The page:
TikTok’s $1bn creator fund to shut down in the US, UK, Germany, and France starting next month (report)

TikTok videos of under 60 seconds long will no longer receive compensation from TikTok as the platform is ending its $1 billion Creator Fund and is instead inviting creators to join its ‘Creativity Program’, launched earlier this year.

That’s according to The Verge, which reported on Tuesday (November 8) that the Creator Fund will no longer be available, effective December 16.

This means that creators in the US, UK, Germany, and France will no longer have access to the original fund for monetizing their content, TikTok spokesperson Maria Jung reportedly told The Verge.

However, users in Italy and Spain will remain unaffected by the change.

Introduced in 2020, the Creator Fund was initially designed to distribute $1 billion over three years to creators producing viral content on the platform. Creators eligible for that program had to meet a minimum following threshold of 10,000 “authentic followers” and have accrued at least 100,000 authentic video views within a 30-day period.

A TikTok spokesperson told Forbes Australia: “The Creativity Program was developed based on the learnings and feedback we’ve gained from the previous Creator Fund.”

While TikTok did not specify the feedback regarding the previous Creator Fund, The Verge said some influencers and content creators have expressed dissatisfaction with the low payouts, often receiving only a few dollars for videos that garnered millions of views. TikTok has yet to confirm whether the full $1 billion has been disbursed.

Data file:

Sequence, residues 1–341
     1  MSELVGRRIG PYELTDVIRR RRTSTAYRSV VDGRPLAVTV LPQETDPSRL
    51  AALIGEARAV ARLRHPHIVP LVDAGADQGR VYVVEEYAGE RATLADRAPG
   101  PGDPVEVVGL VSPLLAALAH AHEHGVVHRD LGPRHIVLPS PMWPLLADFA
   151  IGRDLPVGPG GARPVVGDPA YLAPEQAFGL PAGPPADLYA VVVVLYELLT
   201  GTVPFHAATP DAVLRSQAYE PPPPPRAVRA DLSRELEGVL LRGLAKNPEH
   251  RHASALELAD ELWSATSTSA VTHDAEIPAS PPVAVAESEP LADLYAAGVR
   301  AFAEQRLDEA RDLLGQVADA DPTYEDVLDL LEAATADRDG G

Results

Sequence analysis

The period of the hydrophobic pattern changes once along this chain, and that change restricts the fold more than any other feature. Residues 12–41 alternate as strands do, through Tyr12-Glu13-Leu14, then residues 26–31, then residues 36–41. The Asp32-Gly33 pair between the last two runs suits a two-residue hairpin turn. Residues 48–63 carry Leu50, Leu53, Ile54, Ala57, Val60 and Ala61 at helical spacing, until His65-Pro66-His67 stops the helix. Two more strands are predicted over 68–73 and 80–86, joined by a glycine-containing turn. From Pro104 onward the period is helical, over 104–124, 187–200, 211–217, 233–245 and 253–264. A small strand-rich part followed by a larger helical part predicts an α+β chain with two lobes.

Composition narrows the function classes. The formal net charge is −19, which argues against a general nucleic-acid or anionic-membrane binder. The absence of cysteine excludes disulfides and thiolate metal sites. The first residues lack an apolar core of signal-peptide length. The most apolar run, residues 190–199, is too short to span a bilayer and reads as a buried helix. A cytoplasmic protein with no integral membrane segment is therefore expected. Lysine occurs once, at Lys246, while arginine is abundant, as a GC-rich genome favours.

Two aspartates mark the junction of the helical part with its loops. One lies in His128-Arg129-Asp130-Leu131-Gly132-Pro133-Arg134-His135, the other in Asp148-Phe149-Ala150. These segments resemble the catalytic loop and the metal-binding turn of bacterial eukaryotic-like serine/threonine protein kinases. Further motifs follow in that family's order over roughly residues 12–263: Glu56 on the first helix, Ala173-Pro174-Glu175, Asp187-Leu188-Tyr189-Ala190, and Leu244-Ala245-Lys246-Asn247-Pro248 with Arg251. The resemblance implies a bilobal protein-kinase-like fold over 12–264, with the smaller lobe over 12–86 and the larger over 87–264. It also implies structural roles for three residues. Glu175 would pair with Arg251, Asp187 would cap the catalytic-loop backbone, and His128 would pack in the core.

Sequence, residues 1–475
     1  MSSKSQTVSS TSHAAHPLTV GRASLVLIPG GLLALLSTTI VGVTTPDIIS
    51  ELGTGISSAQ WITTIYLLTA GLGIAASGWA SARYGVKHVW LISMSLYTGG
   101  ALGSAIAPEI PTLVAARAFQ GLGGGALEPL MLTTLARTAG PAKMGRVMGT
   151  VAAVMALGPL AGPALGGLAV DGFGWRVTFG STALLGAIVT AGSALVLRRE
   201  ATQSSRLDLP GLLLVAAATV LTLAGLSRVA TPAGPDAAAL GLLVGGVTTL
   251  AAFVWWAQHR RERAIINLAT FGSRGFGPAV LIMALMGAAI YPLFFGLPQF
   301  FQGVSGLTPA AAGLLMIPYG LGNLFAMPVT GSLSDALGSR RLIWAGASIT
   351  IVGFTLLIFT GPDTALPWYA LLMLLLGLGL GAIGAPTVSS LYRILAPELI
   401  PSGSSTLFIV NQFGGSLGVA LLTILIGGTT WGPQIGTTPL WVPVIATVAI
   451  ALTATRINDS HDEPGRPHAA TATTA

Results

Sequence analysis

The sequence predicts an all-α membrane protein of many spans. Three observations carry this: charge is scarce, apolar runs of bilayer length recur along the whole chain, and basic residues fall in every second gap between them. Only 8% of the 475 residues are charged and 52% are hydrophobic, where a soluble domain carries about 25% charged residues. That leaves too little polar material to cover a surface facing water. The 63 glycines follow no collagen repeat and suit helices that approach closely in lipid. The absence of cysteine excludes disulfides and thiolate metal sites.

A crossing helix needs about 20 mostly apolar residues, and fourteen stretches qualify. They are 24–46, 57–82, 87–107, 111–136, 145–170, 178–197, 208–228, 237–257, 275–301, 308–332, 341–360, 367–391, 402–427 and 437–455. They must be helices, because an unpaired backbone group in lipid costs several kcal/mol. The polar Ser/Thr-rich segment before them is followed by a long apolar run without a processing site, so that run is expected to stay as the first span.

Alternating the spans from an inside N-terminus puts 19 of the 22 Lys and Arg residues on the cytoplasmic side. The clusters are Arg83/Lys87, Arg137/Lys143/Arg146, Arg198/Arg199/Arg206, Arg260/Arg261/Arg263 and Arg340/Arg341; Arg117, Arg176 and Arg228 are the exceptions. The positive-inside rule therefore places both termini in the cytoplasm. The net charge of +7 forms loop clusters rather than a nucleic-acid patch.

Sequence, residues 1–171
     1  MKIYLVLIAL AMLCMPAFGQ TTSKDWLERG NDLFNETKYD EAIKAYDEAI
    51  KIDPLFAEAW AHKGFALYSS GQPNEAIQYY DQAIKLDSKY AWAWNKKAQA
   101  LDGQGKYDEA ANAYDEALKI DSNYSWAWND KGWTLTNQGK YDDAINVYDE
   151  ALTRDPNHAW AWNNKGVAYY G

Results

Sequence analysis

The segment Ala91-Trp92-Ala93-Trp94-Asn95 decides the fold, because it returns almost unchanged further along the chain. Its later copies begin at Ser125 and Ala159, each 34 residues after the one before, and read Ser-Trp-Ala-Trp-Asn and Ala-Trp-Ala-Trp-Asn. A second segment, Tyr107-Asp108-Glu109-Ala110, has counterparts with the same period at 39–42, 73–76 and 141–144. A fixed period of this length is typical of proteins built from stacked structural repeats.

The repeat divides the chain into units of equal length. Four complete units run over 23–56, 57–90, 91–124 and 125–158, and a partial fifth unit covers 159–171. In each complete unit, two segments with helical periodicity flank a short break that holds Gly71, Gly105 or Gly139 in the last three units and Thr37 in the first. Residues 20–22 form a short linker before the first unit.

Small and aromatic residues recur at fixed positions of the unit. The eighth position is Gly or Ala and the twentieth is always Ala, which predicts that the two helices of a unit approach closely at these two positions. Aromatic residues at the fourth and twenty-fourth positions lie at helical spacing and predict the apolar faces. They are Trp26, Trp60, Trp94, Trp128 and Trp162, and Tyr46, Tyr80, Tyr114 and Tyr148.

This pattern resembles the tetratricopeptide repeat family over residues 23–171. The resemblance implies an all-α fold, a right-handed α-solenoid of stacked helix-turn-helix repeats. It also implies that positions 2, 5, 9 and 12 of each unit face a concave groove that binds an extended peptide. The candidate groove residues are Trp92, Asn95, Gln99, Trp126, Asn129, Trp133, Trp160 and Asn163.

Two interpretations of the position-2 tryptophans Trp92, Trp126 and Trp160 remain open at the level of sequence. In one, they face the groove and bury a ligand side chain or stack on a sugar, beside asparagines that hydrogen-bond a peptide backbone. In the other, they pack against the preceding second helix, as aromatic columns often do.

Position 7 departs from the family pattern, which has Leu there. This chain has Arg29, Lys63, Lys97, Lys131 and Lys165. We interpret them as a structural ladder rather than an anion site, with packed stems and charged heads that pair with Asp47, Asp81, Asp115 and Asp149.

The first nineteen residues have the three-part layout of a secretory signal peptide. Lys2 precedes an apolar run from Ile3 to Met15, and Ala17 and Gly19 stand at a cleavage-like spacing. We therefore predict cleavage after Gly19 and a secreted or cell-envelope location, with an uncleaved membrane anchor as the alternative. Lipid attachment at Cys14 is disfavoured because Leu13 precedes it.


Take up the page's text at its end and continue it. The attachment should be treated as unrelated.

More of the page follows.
TikTok rolled out the Creativity Program, a new monetization method, in February, seeking to provide higher payouts for popular creators. This program requires creators to produce videos longer than a minute, a departure from the app’s original focus on short clips. 

Instead of a fixed fund, TikTok said the earnings under the Creativity Program would be determined by factors such as views and other engagement metrics. 

Jung told The Verge that eligible creators who transition to the Creativity Program can potentially earn up to 20 times more than they were making through the original fund.

The discontinuation of TikTok’s original fund aligns with its initial three-year commitment and predetermined fund allocation. Creators in the US, UK, Germany, and France who were part of the original fund will have the option to migrate to the Creativity Program.

“As we continue developing new ways to reward creators and enrich the TikTok experience, we value the feedback and direct insights from our community to help inform our decisions,” a company spokesperson reportedly told Forbes Australia.

Similar to the Creator Fund, creators have to have more than 10,000 followers and at least 100,000 video views in the last 30 days to become eligible for the Creativity Program.

The development comes on the heels of TikTok’s new global deal with Distrokid to create “new revenue opportunities for independent artists.”

Under that deal, music distributed by DistroKid will be available across TikTok Music, CapCut, and in TikTok’s Commercial Music Library.

TikTok also has global distribution deals with Believe, Vydia and other music companies “fuel the pipeline of talent and artist-driven music” on its Commercial Music Library, the company said in May.

Music Business Worldwide

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